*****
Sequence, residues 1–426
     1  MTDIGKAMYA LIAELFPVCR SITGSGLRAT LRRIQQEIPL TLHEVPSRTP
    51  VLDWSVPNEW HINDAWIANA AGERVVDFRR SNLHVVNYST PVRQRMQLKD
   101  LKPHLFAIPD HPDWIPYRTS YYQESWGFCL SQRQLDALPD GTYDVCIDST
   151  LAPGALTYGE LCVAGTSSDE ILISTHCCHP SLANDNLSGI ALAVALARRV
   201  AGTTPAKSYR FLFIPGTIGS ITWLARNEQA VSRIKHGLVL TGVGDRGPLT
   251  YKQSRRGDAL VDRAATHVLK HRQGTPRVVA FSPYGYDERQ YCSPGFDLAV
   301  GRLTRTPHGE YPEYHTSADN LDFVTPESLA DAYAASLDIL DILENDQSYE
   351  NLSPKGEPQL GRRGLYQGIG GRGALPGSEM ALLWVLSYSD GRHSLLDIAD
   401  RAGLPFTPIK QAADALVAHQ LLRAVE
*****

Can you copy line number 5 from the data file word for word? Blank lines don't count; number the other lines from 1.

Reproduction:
   151  LAPGALTYGE LCVAGTSSDE ILISTHCCHP SLANDNLSGI ALAVALARRV